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#022: A wandering mind is an unhappy mind

“Faith is taking the first step even when you don’t see the whole staircase.” - Martin Luther King Jr.

David Luescher
1 min read

An idea for you to consider

In 2010 Harvard University published a study titled  “A wandering mind is an unhappy mind”.

The researchers explored the emotional consequences in everyday life of mind wandering.

Specifically, the researchers wanted to learn how often people’s minds wander, what topics they wander to, and how those wanderings affect their happiness.

Below you find the key facts:

  1. People’s minds wandered frequently, regardless of what they were doing. (Surprisingly, the nature of people’s activities had only a modest impact on whether their minds wandered and had almost no impact on the pleasantness of the topics to which their minds wandered.)
  2. People were less happy when their minds were wandering than when they were not and this was true during all activities including the least enjoyable. (Also, the data in the study suggests that thinking about pleasant topics doesn’t lead to an increase in happiness, while thinking about neutral or unpleasant topics leads to unhappiness.)
  3. Although negative moods are known to cause mind wandering, the data from the study suggest that mind wandering is generally the cause of unhappiness, not just the consequence of it.
  4. What people were thinking was a better predictor of their happiness than was what they were doing.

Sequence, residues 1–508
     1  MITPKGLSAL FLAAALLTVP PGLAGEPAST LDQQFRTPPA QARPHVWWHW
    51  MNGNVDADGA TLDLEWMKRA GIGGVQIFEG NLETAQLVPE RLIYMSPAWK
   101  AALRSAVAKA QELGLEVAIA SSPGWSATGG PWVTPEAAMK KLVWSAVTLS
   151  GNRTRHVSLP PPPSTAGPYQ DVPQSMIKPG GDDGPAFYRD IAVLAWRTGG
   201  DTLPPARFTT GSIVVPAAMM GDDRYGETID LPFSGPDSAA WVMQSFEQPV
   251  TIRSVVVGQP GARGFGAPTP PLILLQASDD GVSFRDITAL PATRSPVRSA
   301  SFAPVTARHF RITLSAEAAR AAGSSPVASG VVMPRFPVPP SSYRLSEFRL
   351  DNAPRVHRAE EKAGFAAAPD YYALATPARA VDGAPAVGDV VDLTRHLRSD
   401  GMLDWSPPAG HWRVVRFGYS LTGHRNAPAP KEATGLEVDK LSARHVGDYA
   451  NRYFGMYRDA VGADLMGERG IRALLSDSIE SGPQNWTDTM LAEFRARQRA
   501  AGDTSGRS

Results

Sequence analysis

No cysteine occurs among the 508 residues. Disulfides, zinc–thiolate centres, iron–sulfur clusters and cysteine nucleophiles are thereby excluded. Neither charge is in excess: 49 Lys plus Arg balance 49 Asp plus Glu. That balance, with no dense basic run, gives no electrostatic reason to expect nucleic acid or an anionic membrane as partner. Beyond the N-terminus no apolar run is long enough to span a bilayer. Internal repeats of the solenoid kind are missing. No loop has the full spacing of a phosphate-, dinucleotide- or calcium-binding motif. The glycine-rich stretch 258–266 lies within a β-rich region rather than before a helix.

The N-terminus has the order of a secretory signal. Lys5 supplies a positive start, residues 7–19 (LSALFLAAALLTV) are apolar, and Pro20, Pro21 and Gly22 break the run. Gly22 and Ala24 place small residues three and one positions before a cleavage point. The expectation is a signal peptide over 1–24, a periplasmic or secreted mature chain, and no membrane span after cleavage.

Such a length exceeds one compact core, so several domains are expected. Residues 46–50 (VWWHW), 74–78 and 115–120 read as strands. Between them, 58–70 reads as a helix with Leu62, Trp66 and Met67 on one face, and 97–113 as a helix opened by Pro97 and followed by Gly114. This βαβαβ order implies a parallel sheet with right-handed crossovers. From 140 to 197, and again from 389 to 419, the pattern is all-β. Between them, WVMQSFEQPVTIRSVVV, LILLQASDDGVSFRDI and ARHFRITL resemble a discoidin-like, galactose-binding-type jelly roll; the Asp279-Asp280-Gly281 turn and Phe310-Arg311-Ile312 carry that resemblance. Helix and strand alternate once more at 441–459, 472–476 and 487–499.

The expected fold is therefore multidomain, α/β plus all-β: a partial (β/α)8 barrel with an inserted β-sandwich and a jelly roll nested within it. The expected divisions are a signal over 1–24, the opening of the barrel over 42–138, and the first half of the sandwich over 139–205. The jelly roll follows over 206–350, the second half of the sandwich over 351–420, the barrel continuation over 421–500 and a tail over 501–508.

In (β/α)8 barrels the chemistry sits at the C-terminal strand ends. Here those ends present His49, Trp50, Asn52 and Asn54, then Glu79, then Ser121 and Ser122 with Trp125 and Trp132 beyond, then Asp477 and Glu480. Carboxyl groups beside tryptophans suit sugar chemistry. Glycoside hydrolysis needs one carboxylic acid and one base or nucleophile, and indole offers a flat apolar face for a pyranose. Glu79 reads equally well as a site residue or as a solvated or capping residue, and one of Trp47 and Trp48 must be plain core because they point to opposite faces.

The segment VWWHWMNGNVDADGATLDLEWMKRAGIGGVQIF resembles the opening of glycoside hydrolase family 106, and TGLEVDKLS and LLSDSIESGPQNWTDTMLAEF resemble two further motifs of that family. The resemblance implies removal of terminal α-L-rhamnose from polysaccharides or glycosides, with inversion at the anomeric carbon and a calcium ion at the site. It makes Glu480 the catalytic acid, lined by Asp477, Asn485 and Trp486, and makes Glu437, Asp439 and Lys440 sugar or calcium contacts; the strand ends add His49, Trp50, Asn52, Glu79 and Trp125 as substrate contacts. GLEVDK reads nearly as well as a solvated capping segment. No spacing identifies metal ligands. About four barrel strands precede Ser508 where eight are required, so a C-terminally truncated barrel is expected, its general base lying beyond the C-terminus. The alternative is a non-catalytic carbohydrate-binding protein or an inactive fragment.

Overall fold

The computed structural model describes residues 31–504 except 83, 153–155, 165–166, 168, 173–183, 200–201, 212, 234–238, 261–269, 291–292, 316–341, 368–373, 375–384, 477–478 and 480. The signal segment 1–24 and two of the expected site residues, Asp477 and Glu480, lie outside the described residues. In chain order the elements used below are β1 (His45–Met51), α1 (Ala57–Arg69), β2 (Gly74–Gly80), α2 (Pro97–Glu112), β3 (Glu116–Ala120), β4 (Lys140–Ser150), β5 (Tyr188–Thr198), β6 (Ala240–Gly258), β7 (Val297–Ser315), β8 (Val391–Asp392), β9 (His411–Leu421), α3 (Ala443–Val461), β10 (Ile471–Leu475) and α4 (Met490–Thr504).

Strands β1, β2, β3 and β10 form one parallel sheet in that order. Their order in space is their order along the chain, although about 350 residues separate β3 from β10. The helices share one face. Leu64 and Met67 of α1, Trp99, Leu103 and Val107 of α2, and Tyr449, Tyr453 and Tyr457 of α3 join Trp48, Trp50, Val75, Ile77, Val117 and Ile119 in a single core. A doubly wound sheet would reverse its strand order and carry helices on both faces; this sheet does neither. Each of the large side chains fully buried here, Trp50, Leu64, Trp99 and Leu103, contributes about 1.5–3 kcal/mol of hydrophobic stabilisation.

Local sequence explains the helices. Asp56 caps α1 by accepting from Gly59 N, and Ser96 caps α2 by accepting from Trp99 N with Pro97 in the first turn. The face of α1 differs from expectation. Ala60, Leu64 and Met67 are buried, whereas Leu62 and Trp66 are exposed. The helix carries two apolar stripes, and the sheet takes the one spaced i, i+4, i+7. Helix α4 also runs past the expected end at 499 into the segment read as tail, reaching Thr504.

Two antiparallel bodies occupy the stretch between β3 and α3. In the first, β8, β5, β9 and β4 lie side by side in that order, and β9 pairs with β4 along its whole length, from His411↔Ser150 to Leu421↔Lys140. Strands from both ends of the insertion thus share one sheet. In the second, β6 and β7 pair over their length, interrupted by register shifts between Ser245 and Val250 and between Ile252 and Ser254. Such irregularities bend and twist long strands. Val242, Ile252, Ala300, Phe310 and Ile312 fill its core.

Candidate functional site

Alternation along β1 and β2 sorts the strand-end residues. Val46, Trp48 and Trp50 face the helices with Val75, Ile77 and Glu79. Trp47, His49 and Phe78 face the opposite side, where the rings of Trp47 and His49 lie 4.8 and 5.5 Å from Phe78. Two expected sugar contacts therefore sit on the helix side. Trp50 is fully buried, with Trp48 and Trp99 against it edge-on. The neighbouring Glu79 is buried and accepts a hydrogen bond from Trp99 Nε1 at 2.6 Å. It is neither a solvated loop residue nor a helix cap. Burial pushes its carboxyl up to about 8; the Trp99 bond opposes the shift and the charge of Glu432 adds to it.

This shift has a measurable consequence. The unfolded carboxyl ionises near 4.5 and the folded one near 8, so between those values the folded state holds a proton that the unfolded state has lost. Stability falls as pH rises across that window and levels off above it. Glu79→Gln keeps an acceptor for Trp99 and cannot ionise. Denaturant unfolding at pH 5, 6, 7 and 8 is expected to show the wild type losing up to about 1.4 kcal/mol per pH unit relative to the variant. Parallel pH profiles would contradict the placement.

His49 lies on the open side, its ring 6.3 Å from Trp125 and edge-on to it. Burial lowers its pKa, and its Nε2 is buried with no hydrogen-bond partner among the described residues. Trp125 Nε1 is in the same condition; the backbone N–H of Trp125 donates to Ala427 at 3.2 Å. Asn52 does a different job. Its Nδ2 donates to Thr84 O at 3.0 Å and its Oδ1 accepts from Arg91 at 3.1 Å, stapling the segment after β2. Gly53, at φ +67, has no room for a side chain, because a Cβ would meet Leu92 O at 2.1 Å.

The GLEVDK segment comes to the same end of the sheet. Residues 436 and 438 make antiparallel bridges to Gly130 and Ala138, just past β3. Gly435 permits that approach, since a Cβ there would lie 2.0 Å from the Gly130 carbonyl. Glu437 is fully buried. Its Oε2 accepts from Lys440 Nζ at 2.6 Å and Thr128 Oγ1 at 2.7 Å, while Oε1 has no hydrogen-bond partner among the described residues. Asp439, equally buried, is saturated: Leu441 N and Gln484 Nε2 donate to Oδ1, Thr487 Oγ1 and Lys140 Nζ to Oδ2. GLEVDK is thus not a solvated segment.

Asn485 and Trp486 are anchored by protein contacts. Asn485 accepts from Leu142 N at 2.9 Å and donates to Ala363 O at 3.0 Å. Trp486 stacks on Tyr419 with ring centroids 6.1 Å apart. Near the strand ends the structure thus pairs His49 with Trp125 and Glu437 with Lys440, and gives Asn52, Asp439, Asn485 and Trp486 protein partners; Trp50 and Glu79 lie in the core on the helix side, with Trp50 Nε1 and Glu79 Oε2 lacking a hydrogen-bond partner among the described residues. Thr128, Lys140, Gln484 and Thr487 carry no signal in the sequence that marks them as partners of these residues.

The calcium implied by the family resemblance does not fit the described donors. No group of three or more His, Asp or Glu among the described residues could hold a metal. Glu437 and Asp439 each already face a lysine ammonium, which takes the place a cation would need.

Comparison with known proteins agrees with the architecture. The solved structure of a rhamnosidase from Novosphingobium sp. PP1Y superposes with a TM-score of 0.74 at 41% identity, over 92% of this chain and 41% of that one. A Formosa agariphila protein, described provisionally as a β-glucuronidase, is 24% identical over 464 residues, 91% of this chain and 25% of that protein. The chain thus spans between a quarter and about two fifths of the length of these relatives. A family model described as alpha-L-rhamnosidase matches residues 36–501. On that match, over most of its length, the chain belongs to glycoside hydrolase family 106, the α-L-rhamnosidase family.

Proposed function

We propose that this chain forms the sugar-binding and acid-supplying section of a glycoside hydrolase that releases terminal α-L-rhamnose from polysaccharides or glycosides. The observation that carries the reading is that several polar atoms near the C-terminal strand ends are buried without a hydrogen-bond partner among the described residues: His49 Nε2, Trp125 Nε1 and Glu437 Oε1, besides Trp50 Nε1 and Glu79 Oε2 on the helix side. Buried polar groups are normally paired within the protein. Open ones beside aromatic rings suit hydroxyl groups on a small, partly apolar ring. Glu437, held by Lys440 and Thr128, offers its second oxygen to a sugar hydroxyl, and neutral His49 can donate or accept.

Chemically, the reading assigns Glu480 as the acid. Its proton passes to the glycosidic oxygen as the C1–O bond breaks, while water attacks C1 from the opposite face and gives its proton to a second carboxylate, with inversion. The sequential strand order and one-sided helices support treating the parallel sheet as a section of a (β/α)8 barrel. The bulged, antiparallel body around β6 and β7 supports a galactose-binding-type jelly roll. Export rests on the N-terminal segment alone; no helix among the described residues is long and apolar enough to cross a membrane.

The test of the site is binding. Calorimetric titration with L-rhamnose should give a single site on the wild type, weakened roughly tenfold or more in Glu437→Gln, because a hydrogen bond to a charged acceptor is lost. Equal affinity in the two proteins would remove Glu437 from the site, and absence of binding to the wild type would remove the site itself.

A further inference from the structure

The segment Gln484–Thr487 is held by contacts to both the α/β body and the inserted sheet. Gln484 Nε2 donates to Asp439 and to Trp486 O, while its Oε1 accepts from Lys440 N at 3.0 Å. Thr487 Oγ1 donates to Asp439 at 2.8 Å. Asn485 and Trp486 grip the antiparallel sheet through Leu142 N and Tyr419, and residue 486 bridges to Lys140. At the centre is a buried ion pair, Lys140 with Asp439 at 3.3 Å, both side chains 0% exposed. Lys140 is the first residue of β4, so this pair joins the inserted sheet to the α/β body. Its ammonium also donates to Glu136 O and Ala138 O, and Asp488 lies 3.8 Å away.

To conclude that mind wandering is useless would be the wrong conclusion.

Apparently, stimulus-independent thought (mind wandering) is an evolutionary achievement that allows us humans to learn, reason and plan.

However, it comes at an emotional cost as the Harvard study revealed.

Interestingly, the Harvard study coincides with the teaching of philosophical and religious traditions that one finds happiness by living in the moment and moreover, many of these traditions train the practitioner in resisting mind wandering.

So, what is the takeaway to live a happier and more fulfilled life?

  1. Focus on the present activity to experience more happiness (it doesn’t even matter whether the activity is a pleasant one)
  2. Work on improving your ability to focus on the present moment (e.g. by meditating)

A quote for you to ponder

“Faith is taking the first step even when you don’t see the whole staircase.” - Martin Luther King Jr.


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